Nonetheless, Lee brings out the beauty in “The Things You Think I’m Thinking,” featuring nuanced performances from Amponsah and LaVercombe and setting a cool, relaxed vibe that seduces you as readily as Sean and Caleb work their magic on each other. It’s a charmer all on its own, but also a suggestion of greater things for its director, who is currently working towards her debut feature, about a woman seeking to end her life, but not before spending 15 days with a group of people looking for help in the same way. Taking a break from workshopping the provocative drama, Lee spoke how “The Things You Think I’m Thinking,” doing right by her star Amponsah and making the most out of a limited shoot.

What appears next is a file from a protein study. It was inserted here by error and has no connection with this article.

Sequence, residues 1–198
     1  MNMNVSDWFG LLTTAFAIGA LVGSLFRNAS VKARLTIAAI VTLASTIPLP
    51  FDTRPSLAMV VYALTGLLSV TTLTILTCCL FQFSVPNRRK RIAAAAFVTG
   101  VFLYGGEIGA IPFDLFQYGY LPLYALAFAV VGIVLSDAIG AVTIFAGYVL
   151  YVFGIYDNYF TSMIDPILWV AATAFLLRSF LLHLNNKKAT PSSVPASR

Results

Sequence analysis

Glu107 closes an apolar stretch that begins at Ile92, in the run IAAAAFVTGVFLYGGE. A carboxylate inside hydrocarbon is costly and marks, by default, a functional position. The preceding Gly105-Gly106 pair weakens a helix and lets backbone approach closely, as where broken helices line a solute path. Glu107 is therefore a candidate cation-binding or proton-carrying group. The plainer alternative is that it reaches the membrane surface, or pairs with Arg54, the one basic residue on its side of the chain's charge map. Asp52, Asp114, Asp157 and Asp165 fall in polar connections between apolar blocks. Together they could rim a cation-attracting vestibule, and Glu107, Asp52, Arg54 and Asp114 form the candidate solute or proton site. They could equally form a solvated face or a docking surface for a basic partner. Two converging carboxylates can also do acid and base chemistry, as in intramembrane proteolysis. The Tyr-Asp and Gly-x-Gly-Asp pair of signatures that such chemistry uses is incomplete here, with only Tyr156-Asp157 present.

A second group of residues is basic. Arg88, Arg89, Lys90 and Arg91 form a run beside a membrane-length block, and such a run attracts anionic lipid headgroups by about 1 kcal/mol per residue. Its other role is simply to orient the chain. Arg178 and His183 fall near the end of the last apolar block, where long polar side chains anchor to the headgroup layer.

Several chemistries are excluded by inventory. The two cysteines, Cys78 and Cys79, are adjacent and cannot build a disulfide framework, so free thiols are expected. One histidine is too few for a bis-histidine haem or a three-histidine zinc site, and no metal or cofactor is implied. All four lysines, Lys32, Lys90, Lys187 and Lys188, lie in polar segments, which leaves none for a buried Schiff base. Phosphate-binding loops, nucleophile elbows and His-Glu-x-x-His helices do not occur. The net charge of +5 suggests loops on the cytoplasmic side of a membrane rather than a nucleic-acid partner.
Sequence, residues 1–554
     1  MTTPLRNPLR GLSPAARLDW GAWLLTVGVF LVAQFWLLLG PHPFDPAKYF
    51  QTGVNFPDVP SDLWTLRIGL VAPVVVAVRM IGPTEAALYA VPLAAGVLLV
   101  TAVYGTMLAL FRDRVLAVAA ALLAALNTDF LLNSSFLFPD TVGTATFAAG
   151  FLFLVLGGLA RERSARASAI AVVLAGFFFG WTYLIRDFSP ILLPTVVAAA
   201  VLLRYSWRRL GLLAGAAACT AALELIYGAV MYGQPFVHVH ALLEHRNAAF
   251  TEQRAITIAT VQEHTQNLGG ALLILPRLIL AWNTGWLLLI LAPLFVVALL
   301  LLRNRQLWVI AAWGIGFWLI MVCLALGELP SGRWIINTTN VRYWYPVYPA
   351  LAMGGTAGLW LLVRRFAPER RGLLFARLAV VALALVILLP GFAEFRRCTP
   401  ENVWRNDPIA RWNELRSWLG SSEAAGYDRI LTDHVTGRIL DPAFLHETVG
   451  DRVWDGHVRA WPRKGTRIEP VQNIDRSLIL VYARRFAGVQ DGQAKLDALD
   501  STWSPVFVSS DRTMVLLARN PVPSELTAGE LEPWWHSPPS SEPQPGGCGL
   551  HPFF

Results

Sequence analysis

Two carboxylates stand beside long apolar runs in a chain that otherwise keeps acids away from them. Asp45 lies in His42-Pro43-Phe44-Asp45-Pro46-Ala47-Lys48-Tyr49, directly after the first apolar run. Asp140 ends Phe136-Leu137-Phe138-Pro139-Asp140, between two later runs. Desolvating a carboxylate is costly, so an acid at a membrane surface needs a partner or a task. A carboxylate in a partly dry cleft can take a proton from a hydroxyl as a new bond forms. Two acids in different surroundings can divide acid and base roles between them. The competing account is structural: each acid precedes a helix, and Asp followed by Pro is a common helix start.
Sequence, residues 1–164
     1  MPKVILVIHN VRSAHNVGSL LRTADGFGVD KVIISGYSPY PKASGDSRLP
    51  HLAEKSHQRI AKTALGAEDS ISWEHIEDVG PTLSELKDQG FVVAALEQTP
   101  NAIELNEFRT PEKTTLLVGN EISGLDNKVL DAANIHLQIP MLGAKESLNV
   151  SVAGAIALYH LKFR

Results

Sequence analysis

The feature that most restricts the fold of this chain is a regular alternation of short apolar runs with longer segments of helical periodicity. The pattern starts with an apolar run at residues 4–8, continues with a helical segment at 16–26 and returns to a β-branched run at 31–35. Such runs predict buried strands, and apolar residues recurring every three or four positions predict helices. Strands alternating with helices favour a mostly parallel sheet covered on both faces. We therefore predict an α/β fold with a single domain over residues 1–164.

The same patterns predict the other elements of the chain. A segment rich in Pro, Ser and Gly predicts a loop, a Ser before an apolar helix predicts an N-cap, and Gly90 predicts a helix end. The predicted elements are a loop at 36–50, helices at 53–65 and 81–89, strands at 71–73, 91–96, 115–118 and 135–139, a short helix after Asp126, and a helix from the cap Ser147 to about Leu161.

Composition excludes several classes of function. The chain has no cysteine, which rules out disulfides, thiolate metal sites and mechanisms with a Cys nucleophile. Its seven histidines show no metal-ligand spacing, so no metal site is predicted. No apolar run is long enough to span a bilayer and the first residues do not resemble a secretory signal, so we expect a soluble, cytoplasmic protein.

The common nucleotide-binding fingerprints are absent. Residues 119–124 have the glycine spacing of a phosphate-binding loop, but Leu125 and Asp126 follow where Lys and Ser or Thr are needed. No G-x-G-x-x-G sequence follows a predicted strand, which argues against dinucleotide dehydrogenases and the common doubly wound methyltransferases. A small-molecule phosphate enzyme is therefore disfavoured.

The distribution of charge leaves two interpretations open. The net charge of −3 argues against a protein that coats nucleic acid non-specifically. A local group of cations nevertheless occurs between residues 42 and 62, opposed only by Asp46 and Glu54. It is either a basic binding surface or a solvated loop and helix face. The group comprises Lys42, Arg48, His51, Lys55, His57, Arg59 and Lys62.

How did this come about?
The script came to me from Jesse LaVercombe, who is the writer and also one of the actors in the film, and we knew each other [because] I directed him in his final showcase piece at the Canadian Film Centre, kind of like the Canadian version of AFI, and he [had] met Prince through the theater community and wrote the piece specifically for him. The story was loosely based on their first encounter with each other — it wasn’t romantic, as far as I know [laughs] — but that feeling of first meeting somebody and getting to know them and trying to walk on eggshells a tiny bit, trying to get to know each other in a respectful, but also charming way. When Jesse brought me the script, it was very much about Prince and I really was interested in talking about Prince as someone who is just like everybody else. I wanted to focus on empathy and not focus on how he’s different, but how he’s like us. We worked together on it for about a year and reworked it a bunch of times and we made it.